The new guidance, downloadable here, applies to all obliged entities under BaFin’s money laundering supervision.  As BaFin  notes, those entities include “not just credit institutions, financial services institutions and payment institutions, but also life insurance undertakings, German asset management companies (Kapitalverwaltungsgesellschaften) and persons and companies that sell or convert e-money.” They also include lawyers conducting certain defined kinds of transactions for their clients, auditors, and chartered accountants.

The new guidance, according to the BaFin press release,

give concrete advice on the legal regulations that are to support the obliged entities in the implementation of their obligations.

The instructions serve to properly implement customer due diligence and internal safeguards and follow a risk-based approach. In particular, legal innovations in the interpretative guidance are explained. Thus, for example, the concept of the fictitious beneficial owner is explained concretely.  In addition, the obligations in connection with the identification of the apparent person are clarified. (Unofficial translation)

Finally, the interpretative guidance addresses developments in the market and regulations.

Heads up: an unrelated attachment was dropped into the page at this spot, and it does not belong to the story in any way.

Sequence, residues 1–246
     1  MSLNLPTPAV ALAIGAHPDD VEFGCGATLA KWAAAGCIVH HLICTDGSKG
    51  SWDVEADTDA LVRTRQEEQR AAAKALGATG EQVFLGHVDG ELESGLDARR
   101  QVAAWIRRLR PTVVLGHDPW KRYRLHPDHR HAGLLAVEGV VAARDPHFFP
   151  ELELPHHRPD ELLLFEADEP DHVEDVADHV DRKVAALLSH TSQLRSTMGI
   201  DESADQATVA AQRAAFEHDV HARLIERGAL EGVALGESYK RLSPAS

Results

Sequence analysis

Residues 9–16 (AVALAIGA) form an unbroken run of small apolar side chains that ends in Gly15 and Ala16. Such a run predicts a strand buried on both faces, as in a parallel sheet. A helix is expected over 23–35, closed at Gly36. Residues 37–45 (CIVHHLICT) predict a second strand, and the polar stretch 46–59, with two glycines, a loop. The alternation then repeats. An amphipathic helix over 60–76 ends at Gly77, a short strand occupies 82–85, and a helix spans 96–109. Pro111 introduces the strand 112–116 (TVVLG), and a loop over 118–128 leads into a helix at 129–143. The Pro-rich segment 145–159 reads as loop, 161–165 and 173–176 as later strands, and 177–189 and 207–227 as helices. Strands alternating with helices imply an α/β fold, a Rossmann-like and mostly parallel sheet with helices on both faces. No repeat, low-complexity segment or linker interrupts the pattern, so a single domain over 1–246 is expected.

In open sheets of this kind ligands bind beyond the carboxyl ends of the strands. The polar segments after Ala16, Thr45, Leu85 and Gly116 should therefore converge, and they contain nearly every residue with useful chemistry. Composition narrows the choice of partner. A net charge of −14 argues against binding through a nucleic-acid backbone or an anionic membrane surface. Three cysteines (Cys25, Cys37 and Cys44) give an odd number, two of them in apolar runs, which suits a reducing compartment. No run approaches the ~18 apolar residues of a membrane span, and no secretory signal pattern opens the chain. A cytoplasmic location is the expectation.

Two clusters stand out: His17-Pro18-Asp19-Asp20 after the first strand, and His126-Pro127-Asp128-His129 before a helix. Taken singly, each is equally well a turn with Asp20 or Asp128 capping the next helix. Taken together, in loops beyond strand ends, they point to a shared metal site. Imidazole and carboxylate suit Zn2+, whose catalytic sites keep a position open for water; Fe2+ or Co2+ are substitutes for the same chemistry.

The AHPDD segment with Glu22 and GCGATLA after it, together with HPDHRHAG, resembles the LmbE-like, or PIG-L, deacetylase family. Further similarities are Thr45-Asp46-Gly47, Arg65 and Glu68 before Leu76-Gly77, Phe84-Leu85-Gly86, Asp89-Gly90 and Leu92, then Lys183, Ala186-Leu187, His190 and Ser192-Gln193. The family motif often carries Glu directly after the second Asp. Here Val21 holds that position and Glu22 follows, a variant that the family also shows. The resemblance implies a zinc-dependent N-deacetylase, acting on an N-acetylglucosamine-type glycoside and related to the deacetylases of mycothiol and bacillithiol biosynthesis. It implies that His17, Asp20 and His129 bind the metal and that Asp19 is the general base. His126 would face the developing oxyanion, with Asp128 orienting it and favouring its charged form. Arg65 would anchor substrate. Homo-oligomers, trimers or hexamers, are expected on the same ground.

German financial institutions – and the lawyers who advise them or provide services that come within the scope of the GwG –should therefore pay close attention to the newly issued guidance, and determine whether the guidance warrants changes in their Anti-Money Laundering programs or internal controls.  The full text of the guidance document is 86 pages, so institutions should review it with care to identify specific points on which BaFin has provided guidance for the first time or which may raise complex legal or compliance issues.

United Kingdom Government Announces New Economic Crime Strategic Board

On January 14, the United Kingdom Government announced that Home Secretary Sajid Javid and Chancellor of the Exchequer Philip Hammond would jointly chair the Economic Crime Strategic Board, a new government taskforce that “will work with senior figures from the UK financial sector to tackle economic crime.”  The Board, which is scheduled to meet twice a year, is to “set priorities, direct resources and scrutinise performance against the economic crime threat, which is set out in the Serious and Organised Crime (SOC) Strategy.”

Members of the Board include Chief Executive Officers and chief executives from three leading banking institutions (Barclays, Lloyds, and Santander), and senior representatives from UK Finance, the National Crime Agency (NCA), and the Solicitors Regulation Authority, Accountants Affinity Group, and National Association of Estate Agents.